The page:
$ bin/hadoop dfsadmin -upgradeProgress force
    Distributed upgrade for version -6 is in progress. Status = 90%
    
            Force Proceed is ON
            Last Block Level Stats updated at : Mon Aug 13 22:43:31 UTC 2007
            Last Block Level Stats : Total Blocks : 1054713
                                     Fully Upgragraded : 99.40%
                                     Minimally Upgraded : 0.60%
                                     Under Upgraded : 0.00% (includes Un-upgraded blocks)
                                     Un-upgraded : 0.00%
                                     Errors : 0
            Brief Datanode Status  : Avg completion of all Datanodes: 99.89% with 0 errors.
                                     1 out of 893 nodes are not done.
            NOTE: Upgrade at the Datanodes has finished. Deleteing ".crc" files
            can take longer than status implies.   

    Note Force Proceed is ON in the status message.

Third Stage : Deleting .crc files

Once the second stage is complete, Namenode reports 90% completion. It does not have a very good way of estimating time required for deleting the files. The status reports 90% completion all through this stage. Later tests with larger number of files indicates that it takes one hour to delete 2 million files on a rack server. The upgrade status report looks like the following.

$ bin/hadoop dfsadmin -upgradeProgress status
Distributed upgrade for version -6 is in progress. Status = 90%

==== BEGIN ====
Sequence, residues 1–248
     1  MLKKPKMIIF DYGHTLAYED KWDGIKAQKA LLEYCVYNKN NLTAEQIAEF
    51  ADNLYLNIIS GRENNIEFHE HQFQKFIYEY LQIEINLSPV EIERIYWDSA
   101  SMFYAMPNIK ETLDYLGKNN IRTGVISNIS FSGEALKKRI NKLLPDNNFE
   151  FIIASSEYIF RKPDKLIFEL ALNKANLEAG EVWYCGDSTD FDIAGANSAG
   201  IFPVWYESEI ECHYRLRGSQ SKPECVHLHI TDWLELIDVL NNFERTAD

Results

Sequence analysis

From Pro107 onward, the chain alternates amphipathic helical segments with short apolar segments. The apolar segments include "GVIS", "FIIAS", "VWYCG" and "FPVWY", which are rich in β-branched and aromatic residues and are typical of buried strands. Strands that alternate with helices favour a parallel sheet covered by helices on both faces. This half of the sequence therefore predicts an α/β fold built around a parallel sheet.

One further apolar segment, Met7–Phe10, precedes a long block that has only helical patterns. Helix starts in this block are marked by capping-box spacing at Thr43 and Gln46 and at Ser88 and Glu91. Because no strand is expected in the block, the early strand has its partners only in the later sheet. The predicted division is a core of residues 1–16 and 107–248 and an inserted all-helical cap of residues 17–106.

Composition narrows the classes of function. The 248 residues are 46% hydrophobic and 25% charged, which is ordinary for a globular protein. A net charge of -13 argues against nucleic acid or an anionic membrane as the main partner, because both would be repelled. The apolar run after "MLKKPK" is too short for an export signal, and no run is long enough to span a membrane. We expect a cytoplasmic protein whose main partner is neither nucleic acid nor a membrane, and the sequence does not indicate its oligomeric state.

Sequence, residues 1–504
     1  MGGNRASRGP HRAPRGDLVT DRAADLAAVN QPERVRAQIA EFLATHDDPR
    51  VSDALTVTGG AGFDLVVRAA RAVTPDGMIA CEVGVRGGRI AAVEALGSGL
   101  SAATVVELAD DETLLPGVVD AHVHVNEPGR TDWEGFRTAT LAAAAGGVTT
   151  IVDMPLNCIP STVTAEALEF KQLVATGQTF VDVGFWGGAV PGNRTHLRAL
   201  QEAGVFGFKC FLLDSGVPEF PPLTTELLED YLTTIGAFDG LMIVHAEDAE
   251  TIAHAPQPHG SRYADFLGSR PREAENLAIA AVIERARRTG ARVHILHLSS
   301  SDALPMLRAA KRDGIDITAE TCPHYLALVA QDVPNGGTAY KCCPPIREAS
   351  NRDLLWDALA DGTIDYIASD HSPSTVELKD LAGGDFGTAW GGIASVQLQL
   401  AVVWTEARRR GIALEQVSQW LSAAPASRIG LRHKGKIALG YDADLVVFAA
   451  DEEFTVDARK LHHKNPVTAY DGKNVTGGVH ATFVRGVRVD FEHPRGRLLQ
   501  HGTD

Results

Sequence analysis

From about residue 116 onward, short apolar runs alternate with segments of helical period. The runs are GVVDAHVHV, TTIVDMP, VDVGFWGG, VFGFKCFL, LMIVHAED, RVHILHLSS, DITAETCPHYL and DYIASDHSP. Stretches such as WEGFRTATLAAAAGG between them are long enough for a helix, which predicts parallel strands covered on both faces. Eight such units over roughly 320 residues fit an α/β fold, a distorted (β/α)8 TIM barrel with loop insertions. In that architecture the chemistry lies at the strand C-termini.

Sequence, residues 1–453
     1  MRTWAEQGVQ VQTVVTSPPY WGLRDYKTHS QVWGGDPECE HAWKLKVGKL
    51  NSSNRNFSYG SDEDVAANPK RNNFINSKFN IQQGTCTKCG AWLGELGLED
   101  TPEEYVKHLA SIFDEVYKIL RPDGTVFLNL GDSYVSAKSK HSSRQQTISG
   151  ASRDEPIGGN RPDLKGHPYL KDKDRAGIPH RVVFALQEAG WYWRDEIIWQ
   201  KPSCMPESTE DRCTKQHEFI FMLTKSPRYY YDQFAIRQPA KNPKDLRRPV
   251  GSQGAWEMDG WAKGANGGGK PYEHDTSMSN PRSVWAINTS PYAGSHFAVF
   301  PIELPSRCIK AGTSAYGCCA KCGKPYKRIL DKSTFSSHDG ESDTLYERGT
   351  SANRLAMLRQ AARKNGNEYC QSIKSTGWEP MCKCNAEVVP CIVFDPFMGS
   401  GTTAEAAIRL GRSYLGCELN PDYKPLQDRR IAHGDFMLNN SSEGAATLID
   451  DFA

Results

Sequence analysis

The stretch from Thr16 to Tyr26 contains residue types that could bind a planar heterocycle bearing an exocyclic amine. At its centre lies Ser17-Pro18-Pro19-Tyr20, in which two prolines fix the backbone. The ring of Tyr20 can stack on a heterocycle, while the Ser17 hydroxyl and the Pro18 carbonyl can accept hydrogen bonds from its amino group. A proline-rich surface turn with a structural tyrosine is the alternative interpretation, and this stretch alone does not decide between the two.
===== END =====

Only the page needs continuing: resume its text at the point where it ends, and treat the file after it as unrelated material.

Last Block Level Stats updated at : Mon Aug 20 20:24:56 UTC 2007
        Last Block Level Stats : Total Blocks : 11604180
                                 Fully Upgragraded : 100.00%
                                 Minimally Upgraded : 0.00%
                                 Under Upgraded : 0.00% (includes Un-upgraded blocks)
                                 Un-upgraded : 0.00%
                                 Errors : 0
        Brief Datanode Status  : Avg completion of all Datanodes: 100.00% with 0 errors.
        NOTE: Upgrade at the Datanodes has finished. Deleteing ".crc" files
        can take longer than status implies.

Note the last two lines that inform that Namenode is currently deleting .crc files.

Upgrade is Finally Complete

Once the upgrade is complete, safeMode will be turned off and HDFS runs normally. There is no need to restart the cluster. Now enjoy the new and shiny Hadoop with leaner Namenode.

$ bin/hadoop dfsadmin -upgradeProgress status
There are no distributed upgrades in progress.

Memory requirements

HDFS nodes do not require more memory during the upgrade than for normal operation before the upgrade. We observed that Namenode might use 5-10% more memory (or more GC in JVM) during the upgrade. If the namenode was operating at the edge of its memory limits before the upgrade, it could potentially have some problems. At any time, cluster can be restarted and the HDFS resumes the upgrade.

Restarting a cluster

The cluster can be restarted during any stage of the upgrade and it will resume the upgrade.

Analyzing Log Files

As a last resort while diagnosing problems, administrator could look at logs at Namenode and Datanode. It might be information overload to list all the relevant log messages here. Of course, developers most appreciate if the relevant logs are attached while reporting problems with the upgrade, along with output from -upgradeProgress command.

Some of the warnings on log files are expected during the upgrade. For e.g. during the upgrade, datanodes fetch checksum data located on their peers. These data transfers utilize the new protocols in Hadoop-0.14 that require checksum data to be present along with block data. Since the checksum data is not yet located next to the block you will see the following warning int the datanode logs :

2007-08-18 07:17:38,698 WARN org.apache.hadoop.dfs.DataNode: Could not find metadata file for blk_2214836660875523305

Hadoop_0.14_Upgrade (last edited 2009-09-20 23:54:06 by localhost)